You know how they say there’s no instruction manual for parenting? Ain’t that the truth! Despite this fact, there’s no shortage of reading material for parents looking (begging) for guidance. As a mom of 3 who often feels helpless, clueless and lost in motherhood, I turn to research and reading. I feel better knowing I’m at least trying to do right by my kids, but understanding motherhood is about progress not perfection.
If you are reading this post, it’s because you want to be a better parent. I firmly believe, that wanting to be a better parent means you’re already a pretty good one. So, let that sink in for a minute.
Not all parenting books are created equal. Probably because no kids or parents are alike. My goal as a mom is to raise faithful, God-fearing, independent, kind, happy adults who make a positive impact in their community, or if we’re shooting for the stars here, on the whole world! No pressure at all.
Here are my picks for 5 must read parenting books. These reads help me to be a better mom. Pin this post to keep the list handy and share with friends.
1. How to Raise an Adult by Julie Lythcott-Haims. The cover of this book screams: “Break Free of the Overparenting Trap and Prepare Your Kid for Success.” In today’s society, overparenting seems commonplace and that SCARES me. I am certainly guilty of it. It’s always enlightening to read an example (an example of what NOT to do) in a book and think “she is totally talking about me.” This book provides relatable stories and practical advice to ease back on the overparenting and allow our kids to experience tough lessons.
2. The Five Love Languages of Children by Gary Chapman and Ross Campbell, M.D. Years ago, when I toured a prospective Christian school for my kids, the Head of School gifted me this book. Don’t think I’m special. She gifted this book to all prospective parents. Reading it changed the way I view each of my three kids. Before kids, I naively thought one size fits all when it came to parenting multiple children. First kid lies = consequence. Second kid lies = same consequence. And so on. I’m not sure I’ve ever been so foolish. Any parent of more than one child knows I ate a huge piece of humble pie when I discovered one parenting style wasn’t going to work with all 3 kids.
Saying each child is different doesn’t skim the surface. Each child reacts differently. Each child wrestles with their own inner thoughts and emotions. Each child has his/her own love language. This book explains and teaches parents how to speak the love language of their child. Knowing and understanding your child’s love language will help with the overall attitude, behavior and development of your child.
3. Grown and Flown** by Lisa Heffernan and Mary Dell Harrington. This one is so relevant to my current phase of life and provides sooo much practical advice and real life tips. So much so that even though I started the book on audio, I had to order it in print because I knew I’d want to literally highlight and tab pages for future reference.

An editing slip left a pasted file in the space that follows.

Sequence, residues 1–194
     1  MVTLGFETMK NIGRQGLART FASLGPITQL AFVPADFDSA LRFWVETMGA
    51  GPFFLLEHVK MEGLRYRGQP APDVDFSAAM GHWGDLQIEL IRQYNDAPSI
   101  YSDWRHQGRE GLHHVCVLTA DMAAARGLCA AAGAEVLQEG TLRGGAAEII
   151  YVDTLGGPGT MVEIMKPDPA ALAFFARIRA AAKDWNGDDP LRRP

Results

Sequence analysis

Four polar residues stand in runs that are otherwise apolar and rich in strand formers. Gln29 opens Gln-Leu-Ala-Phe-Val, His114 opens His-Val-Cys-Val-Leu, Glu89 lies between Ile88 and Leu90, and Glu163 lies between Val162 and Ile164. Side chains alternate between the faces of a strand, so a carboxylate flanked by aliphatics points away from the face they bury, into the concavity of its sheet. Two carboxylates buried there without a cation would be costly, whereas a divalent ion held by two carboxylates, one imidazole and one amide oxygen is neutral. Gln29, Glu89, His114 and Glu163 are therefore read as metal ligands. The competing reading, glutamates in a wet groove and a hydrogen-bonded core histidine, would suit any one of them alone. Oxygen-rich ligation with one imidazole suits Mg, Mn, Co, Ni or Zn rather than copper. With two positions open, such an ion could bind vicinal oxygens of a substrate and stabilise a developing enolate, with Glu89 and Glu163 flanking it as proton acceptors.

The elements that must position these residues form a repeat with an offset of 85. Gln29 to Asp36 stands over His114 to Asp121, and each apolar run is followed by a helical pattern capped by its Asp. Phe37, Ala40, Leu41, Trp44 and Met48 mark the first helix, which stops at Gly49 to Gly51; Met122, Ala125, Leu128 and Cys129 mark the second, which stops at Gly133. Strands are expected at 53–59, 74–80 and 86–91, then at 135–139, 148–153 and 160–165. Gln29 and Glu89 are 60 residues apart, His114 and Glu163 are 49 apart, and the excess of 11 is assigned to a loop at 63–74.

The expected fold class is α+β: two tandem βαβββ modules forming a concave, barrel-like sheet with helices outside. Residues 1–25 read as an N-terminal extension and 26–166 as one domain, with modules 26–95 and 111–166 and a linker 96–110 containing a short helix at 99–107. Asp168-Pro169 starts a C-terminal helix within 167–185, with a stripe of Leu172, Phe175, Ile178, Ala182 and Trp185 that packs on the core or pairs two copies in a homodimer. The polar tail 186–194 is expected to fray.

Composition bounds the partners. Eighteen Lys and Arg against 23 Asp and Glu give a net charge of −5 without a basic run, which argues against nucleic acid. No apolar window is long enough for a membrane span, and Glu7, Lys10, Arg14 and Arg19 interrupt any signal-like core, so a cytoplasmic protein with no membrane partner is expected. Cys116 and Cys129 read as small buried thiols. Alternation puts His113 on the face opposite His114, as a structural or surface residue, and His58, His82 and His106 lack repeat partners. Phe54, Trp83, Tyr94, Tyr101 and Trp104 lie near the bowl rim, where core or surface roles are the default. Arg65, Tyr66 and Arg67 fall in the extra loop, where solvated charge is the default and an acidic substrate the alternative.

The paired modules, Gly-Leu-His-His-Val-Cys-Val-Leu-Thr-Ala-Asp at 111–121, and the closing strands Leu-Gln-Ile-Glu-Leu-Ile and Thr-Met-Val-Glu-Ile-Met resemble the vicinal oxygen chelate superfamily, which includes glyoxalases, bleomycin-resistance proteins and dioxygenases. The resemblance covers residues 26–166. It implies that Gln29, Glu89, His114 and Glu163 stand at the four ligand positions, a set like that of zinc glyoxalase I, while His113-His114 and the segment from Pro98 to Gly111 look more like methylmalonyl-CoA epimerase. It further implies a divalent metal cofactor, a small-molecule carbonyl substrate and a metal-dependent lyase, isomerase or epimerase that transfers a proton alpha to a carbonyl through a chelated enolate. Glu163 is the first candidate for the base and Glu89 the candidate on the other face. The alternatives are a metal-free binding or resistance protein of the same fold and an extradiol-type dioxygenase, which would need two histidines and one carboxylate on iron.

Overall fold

A good friend who also happens to be in the throws of parenting her teen daughter just as I am, recommended this book to me. The book specifically addresses parenting in the high school and college years. And this might be my favorite of parenting books I’ve read to date. It marries the need for connection and independence in our teens and young adults. It shares heartfelt, vulnerable stories from parents and young adults who’ve lived through this phase and tackled tough issues. It provides practical tips and an ongoing community for parents presently trying to raise teens and young adults and more.
Grown and Flown is more than just a book. A recognition that high school and college students are still children, whether they think so or not, coupled with a lack of parental support for this age range, compelled the authors to start and build a community for parents of 15 to 25 year olds. Their insight and takeaways grew the Grown and Flown community into what is today the “the #1 site for parents of teens and young adults” and essentially is a “guide for building strong relationships with your teens and preparing them to successfully launch into adulthood.” An absolute must read for parents of this generation.
4. The Self-Driven Child by William Stixrud, PhD and Ned Johnson. Do you think today’s generation of kids seems anxious and stressed out and tends to lack motivation and resilience? I think that about my own kids on multiple occasions. And then I start stressing about how to change this. LOL. The Self-Driven Child investigates the science behind what shapes a person to self-motivate. It goes further to provide practical advice for parents to help sculpt our kids’ brains for resilience and drive. It was an eye-opener for me.
5. Daring Greatly by Brene Brown. This powerful book doesn’t just apply to parenting, but it’s applications will make you a parent better. The premises found in this book will overall change you for the better. You will apply what you learn in Daring Greatly to every aspect of your life at home, at work, and in all relationships. A life practicum of sorts.
I am a constant work in progress when it comes to parenting. Well, when it comes to life in general. To date, these books shaped my parenting skills. Some days are better than others. I hope these reads help build your confidence in parenting. But remember we are all learning as we go. Enjoy!
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